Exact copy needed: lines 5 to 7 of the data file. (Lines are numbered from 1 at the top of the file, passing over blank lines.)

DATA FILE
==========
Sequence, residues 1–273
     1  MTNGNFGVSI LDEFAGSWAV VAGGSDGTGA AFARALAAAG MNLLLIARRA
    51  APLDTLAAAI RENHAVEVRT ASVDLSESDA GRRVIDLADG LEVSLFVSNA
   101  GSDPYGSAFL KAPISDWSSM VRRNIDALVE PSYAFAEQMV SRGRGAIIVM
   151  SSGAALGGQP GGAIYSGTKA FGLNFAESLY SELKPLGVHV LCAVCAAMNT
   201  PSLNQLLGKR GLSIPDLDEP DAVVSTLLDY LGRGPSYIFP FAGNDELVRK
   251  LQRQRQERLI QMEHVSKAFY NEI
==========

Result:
   151  SSGAALGGQP GGAIYSGTKA FGLNFAESLY SELKPLGVHV LCAVCAAMNT
   201  PSLNQLLGKR GLSIPDLDEP DAVVSTLLDY LGRGPSYIFP FAGNDELVRK
   251  LQRQRQERLI QMEHVSKAFY NEI